Pediatric Surgery: Why It’s Different

Scriven Richard Scriven, MD
Pediatric Surgeon and
Pediatric Trauma Medical Director
Stony Brook Children’s Hospital

Children are small. They need smaller instruments, different medications, a very different way of communicating, and they are likely to live much longer than adult patients. Dr. Richard Scriven, Pediatric Surgeon and Pediatric Trauma Medical Director, explains how pediatric surgery and care is unique.

Children’s bodies are built differently
A 5mm laparoscopic instrument is not going to give the same results with a 1-2 lb. neonatal baby as a it would with a 200 lb. adult. A specialized pediatric team will routinely choose to use a 3mm instrument and that may not be available at a regular hospital.
A child’s physiology is also very different from an adult’s—blood pressure, pulse, and respiration rates are all different. Children’s tissues may be biologically quite distinct from adult tissues too, as their bodies are still growing, so cancer treatments must also be adjusted for a child’s body.
Because children are much more sensitive to the effects of radiation than adults, a pediatric specialist will try to minimize the number of tests they order. When a child falls off his or her bicycle, a battery of CT scans may seem impressive and reassuring, but those scans can cause major health issues years down the road. Specialized pediatric teams order the
minimum number of scans necessary for an accurate diagnosis.

Children communicate differently
Babies, toddlers and children also communicate differently and need different levels of emotional support, along with their families.
Although Dr. Scriven performs dozens of appendectomies a year, he acknowledges that, “this is often the most stressful thing that a family has gone through.”
If a parent needs to have the diagnosis repeated five times, then that’s what Stony Brook doctors will do. Communicating with the family is a critical part of getting the child well. Pediatric doctors need to communicate at a different level.

Child Life Specialists
The reality is that hospitals with their unfamiliar environment and procedures, can be challenging for children and families. Stony Brook’s Certified Child Life Specialists work to make the child’s hospital visit more comfortable, anxiety-free, child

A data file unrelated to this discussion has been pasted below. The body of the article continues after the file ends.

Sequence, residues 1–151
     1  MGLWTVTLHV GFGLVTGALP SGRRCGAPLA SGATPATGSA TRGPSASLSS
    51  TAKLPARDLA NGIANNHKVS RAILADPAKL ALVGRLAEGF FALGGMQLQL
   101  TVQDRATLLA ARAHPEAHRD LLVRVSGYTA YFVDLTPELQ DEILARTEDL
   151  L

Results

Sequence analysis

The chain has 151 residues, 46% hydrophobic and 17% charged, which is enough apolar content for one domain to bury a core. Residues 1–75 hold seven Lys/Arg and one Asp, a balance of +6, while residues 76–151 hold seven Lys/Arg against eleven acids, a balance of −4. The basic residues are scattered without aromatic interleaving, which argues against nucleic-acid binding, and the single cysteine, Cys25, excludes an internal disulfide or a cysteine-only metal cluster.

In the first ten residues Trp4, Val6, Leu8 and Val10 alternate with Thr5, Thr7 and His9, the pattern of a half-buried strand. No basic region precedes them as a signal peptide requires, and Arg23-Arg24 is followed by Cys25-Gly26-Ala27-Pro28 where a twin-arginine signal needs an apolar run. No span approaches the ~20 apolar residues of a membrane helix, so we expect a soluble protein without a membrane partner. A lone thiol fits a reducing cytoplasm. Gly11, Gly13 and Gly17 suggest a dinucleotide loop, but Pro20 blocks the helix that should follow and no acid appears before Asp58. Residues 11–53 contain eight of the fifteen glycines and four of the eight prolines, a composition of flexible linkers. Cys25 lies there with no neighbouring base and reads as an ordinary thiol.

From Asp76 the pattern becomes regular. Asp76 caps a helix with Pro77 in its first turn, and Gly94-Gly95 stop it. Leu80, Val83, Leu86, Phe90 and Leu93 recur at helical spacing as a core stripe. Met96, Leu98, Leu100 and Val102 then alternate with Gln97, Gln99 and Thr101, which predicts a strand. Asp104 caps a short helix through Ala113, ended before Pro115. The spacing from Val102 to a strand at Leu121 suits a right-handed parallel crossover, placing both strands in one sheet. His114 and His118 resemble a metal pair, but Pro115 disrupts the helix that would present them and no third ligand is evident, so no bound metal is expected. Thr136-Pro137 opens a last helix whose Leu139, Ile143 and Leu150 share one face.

friendly and, in many cases, fun.
Child Life Services are most commonly used to familiarize children with the hospital environment and help patients cope with the stress that often accompanies hospitalization. In conjunction with an “ouch-less” approach to care, Child Life Specialists work with the multidisciplinary healthcare team to reduce anxiety and fear of pain. These trained professionals prepare children for treatment using age-appropriate education, and introduce a variety of coping techniques including guided imagery, relaxation and diversion. Sometimes a Child Life Specialist accompanies a patient to their procedure for support.

Life expectancy
As surgeons we also need to consider longevity. Most pediatric patients will live another 80 or 90 years, and children can heal really well, so repairs to young bodies must be built to last. The goal of pediatric surgery is a durable operation with minimal scarring, because most children are going to live for a very long time afterwards. Minimally invasive surgery, using
tools designed specifically for young bodies, reduces the lasting impacts of surgery when that child becomes an adult.
For Dr. Scriven it is the depth of auxiliary services, and the sheer number of pediatric doctors and surgeons that differentiates Stony Brook from smaller community hospitals. According to Dr. Scriven, “at a smaller hospital
you are just not going to be able to access a specialist at 3 am. At Stony Brook you can.”

To make an appointment, call (631) 444-9400. To learn more about our pediatric surgery and all the services provided, please visit our website at: stonybrook.info/pedsurgery

More about Dr. Scriven

Dr. Scriven first joined Stony Brook Medicine in the 10th grade, wearing the volunteer brown jacket. He always wanted to be a pediatrician, but was fascinated by the surgical training, so he combined the two and now has what he considers to be the best job in the hospital. Dr. Scriven is celebrating his twentieth year with Stony Brook and he volunteers with the local fire department.